I previously wrote about five reasons you should consider AppSync over API Gateway. One thing that API Gateway supports but you can’t do with AppSync out-of-the-box yet is custom domain names.

Your shiny new AppSync API is available at XYZ.appsync-api.us-east-1.amazonaws.com/graphql, but you really want people to use your own domain instead because dev.example.com/graphql is much more memorable and informative.

In this post, let’s look at two ways you can do this.


This is my preferred way. It’s easy to set up and cheap to run.

Assuming your AppSync API resource is called GraphQlApi (if you use the serverless-appsync-plugin with the Serverless framework, then this is the logical id it’ll use). This is the CloudFormation resource you need to configure to route traffic to the AppSync API.

AppSyncDistribution: Type: AWS::CloudFront::Distribution Properties: DistributionConfig: Origins: - Id: AppSync DomainName: Fn::Select: - '2' - Fn::Split: - "/" - Fn::GetAtt: - GraphQlApi - GraphQLUrl CustomOriginConfig: HTTPPort: 80 HTTPSPort: 443 OriginProtocolPolicy: https-only OriginSSLProtocols: - TLSv1 - TLSv1.1 - TLSv1.2 OriginPath: '' Enabled: true HttpVersion: http2 Comment: CloudFront distribution for the Patient AppSync API Aliases: - <INSERT DOMAIN NAME HERE, e.g. dev.example.com> PriceClass: PriceClass_100 DefaultCacheBehavior: AllowedMethods: - HEAD - OPTIONS - GET - DELETE - POST - PUT - PATCH CachedMethods: - HEAD - OPTIONS - GET ForwardedValues: QueryString: true Headers: - x-api-key - Authorization Cookies: Forward: all MinTTL: 0 DefaultTTL: 0 TargetOriginId: AppSync ViewerProtocolPolicy: redirect-to-https Compress: true CustomErrorResponses: [] ViewerCertificate: AcmCertificateArn: <INSERT ARN HERE> SslSupportMethod: sni-only

If you’re using the Serverless framework, then you should also check out the serverless-appsync-cloudfront plugin. It can make things a lot easier for you. However, at the time of writing, it makes assumptions about the logical Id of the AppSync API (it expects GraphQlApi) as it’s intended to used alongside the aforementioned serverless-appsync-plugin.

API Gateway

Another way you can do this is through API Gateway. You can set up an HTTP proxy that routes traffic to the AppSync API, and then configure a custom domain name in API Gateway.

Compared to using CloudFront, this approach takes more work to set up and incurs higher cost and latency (compared to using CloudFront) because every request has to go through API Gateway.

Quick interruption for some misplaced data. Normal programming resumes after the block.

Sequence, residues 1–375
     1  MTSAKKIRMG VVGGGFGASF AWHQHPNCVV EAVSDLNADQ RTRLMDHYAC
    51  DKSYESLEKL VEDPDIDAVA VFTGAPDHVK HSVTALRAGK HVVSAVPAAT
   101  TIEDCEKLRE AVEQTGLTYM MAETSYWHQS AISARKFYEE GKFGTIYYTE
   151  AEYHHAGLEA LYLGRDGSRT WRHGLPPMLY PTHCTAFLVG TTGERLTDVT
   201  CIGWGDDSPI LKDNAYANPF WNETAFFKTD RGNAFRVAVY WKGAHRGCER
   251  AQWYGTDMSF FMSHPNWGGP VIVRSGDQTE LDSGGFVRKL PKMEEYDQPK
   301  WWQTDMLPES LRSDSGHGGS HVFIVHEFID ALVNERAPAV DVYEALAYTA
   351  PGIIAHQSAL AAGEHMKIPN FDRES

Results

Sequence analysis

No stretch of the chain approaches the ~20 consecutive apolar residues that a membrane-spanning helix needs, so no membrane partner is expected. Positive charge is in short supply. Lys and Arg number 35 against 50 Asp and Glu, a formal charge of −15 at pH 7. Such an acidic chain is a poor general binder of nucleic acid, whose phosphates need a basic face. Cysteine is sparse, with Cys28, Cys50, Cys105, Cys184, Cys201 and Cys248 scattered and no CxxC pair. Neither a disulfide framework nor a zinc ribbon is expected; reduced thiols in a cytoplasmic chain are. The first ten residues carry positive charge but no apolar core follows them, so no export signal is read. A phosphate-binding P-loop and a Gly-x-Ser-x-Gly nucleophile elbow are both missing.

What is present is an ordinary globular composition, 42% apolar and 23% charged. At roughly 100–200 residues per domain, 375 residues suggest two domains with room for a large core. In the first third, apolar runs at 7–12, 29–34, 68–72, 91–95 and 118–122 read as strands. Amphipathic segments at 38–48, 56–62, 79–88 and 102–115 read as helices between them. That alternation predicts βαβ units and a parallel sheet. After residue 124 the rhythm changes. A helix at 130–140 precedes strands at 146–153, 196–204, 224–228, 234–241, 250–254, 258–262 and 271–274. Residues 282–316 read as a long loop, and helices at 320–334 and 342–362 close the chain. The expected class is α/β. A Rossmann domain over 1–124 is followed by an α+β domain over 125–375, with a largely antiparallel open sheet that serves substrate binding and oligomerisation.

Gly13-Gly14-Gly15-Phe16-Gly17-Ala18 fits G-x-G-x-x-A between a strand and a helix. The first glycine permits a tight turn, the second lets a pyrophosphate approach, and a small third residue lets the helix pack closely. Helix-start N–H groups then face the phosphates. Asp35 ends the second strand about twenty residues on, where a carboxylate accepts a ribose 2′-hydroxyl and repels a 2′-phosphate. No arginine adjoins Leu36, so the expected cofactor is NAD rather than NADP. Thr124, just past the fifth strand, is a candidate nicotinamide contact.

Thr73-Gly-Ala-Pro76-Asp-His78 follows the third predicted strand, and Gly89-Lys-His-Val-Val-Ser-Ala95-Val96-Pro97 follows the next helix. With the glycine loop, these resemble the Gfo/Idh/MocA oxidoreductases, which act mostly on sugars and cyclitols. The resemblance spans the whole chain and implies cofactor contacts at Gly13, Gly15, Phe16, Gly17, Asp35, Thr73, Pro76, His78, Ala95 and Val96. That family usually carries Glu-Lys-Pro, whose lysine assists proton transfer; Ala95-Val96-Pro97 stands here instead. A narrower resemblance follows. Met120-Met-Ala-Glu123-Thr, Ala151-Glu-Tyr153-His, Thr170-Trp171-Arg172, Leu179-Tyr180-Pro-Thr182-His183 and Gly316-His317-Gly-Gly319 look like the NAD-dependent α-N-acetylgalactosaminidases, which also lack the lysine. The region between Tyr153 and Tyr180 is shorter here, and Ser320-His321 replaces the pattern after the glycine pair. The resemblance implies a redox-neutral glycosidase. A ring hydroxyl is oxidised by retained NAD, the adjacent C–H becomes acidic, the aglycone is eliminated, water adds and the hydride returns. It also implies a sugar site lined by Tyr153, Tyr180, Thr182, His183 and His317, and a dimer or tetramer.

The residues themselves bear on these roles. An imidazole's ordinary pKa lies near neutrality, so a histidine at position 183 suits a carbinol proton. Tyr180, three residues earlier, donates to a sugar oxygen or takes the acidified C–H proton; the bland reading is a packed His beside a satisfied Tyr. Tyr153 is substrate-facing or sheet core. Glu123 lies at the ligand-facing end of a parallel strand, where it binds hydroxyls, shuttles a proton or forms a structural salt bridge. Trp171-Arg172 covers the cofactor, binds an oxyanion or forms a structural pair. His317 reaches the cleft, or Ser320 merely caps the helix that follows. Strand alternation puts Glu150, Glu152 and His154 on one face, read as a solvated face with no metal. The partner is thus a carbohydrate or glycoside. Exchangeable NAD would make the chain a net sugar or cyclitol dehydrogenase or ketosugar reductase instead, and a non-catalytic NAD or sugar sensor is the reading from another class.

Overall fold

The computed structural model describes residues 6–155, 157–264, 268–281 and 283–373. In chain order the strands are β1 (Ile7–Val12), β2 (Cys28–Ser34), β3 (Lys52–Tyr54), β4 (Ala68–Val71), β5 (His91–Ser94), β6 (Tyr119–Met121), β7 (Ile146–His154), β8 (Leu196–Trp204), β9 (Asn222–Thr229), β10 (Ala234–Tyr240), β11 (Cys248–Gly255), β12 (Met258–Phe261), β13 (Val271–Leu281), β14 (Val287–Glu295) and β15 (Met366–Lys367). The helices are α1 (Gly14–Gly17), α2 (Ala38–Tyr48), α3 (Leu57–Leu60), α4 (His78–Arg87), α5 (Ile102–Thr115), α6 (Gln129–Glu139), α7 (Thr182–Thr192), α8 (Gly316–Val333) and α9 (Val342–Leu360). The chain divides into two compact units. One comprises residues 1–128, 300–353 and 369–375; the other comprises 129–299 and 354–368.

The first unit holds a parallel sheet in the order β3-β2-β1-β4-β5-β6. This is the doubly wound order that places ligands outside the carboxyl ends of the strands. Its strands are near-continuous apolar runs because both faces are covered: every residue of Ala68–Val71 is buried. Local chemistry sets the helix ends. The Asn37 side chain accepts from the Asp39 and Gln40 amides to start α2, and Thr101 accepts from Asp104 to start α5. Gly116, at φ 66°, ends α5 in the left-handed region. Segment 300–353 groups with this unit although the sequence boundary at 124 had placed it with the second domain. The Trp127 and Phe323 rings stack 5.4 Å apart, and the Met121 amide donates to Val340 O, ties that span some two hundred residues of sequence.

If you’re using the Serverless framework, then another stumbling block is that you can’t easily declare an API Gateway without any Lambda functions. Luckily, you can work around this by bringing SAM’s macro AWS::Serverless-2016–10–31 into the serverless.yml like in this post. This lets you configure API Gateway using SAM’s AWS::Serverless::Api resource type.

ApiGateway: Type: AWS::Serverless::Api Properties: Name: AppSyncApiProxy StageName: dev OpenApiVersion: "3.0.1" DefinitionBody: openapi: "3.0.1" paths: /{proxy+}: "x-amazon-apigateway-any-method": consumes: - "application/json" produces: - "application/json" parameters: - name: proxy in: path required: true type: string x-amazon-apigateway-integration: uri: Fn::Join: - '' - - 'https://' - Fn::Select: - '2' - Fn::Split: - "/" - Fn::GetAtt: - GraphQlApi - GraphQLUrl - '/{proxy}' passthroughBehavior: when_no_match httpMethod: ANY type: http_proxy requestParameters: integration.request.path.proxy : method.request.path.proxy EndpointConfiguration: REGIONAL ApiGatewayDomainName: Type: AWS::ApiGateway::DomainName Properties: DomainName: <INSERT DOMAIN NAME> EndpointConfiguration: Types: - REGIONAL RegionalCertificateArn: <INSERT ARN HERE> ApiGatewayBasePathMapping: Type: AWS::ApiGateway::BasePathMapping DependsOn: - ApiGatewayDomainName Properties: DomainName: <INSERT DOMAIN NAME> RestApiId: !Ref ApiGateway Stage: !Ref ApiGateway.Stage

One thing to note here is that, by default, SAM creates an API Gateway stage called Stage. This appears to be a long-standing bug with SAM and the workaround is to set OpenApiVersion to 3.0.1.


As a final step for both of these approaches, you need to configure a Route53 record for them in your hosted zone.

For CloudFront, you need something like this:

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For API Gateway, you need to capture the API Gateway domain name for the custom domain (in API Gateway) and configure a Route53 record against it.

img 5f580a8ccb333

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You can also configure these using CloudFormation.


With both of these approaches, you can create a custom domain name (such as dev.example.com) for AppSync. Callers can access your AppSync API via dev.example.com/graphql which is much more user-friendly and memorable.

As mentioned above, I prefer the CloudFront approach because it’s easier to configure and has a negligible cost overhead.

If you want to learn GraphQL and AppSync with a hands-on tutorial then please check out my new AppSync course where you will build a Twitter clone using a combination of AppSync, Lambda, DynamoDB, Cognito and Vue.js. You will learn about different GraphQL modelling techniques, how to debug resolvers, CI/CD, monitoring and alerting and much more.

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Liked this article? Support me on Patreon and get direct help from me via a private Slack channel or 1-2-1 mentoring.

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Hi, my name is Yan Cui. I’m an AWS Serverless Hero and the author of Production-Ready Serverless. I specialise in rapidly transitioning teams to serverless and building production-ready services on AWS.

Are you struggling with serverless or need guidance on best practices? Do you want someone to review your architecture and help you avoid costly mistakes down the line? Whatever the case, I’m here to help.

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